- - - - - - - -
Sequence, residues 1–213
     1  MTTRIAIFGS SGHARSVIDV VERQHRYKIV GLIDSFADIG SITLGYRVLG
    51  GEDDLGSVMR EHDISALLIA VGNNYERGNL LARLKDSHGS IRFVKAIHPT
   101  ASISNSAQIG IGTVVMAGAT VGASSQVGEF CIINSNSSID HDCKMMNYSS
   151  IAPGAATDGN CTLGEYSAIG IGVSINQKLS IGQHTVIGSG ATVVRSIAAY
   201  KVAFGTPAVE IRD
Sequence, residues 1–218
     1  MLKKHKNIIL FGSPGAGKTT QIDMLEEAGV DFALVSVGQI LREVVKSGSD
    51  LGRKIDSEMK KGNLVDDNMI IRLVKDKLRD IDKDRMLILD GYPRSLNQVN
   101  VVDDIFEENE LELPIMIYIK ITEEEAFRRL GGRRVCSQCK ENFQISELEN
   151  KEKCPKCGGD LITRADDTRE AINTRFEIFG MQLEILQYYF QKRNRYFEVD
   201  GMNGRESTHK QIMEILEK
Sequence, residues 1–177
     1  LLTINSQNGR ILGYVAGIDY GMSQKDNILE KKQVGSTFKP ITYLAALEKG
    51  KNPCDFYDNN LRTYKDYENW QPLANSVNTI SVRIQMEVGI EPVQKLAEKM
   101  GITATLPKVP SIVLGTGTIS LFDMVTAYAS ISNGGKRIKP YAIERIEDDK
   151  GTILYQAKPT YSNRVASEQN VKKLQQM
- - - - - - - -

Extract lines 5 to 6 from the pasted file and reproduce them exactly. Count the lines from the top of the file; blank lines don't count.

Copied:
   151  IAPGAATDGN CTLGEYSAIG IGVSINQKLS IGQHTVIGSG ATVVRSIAAY
   201  KVAFGTPAVE IRD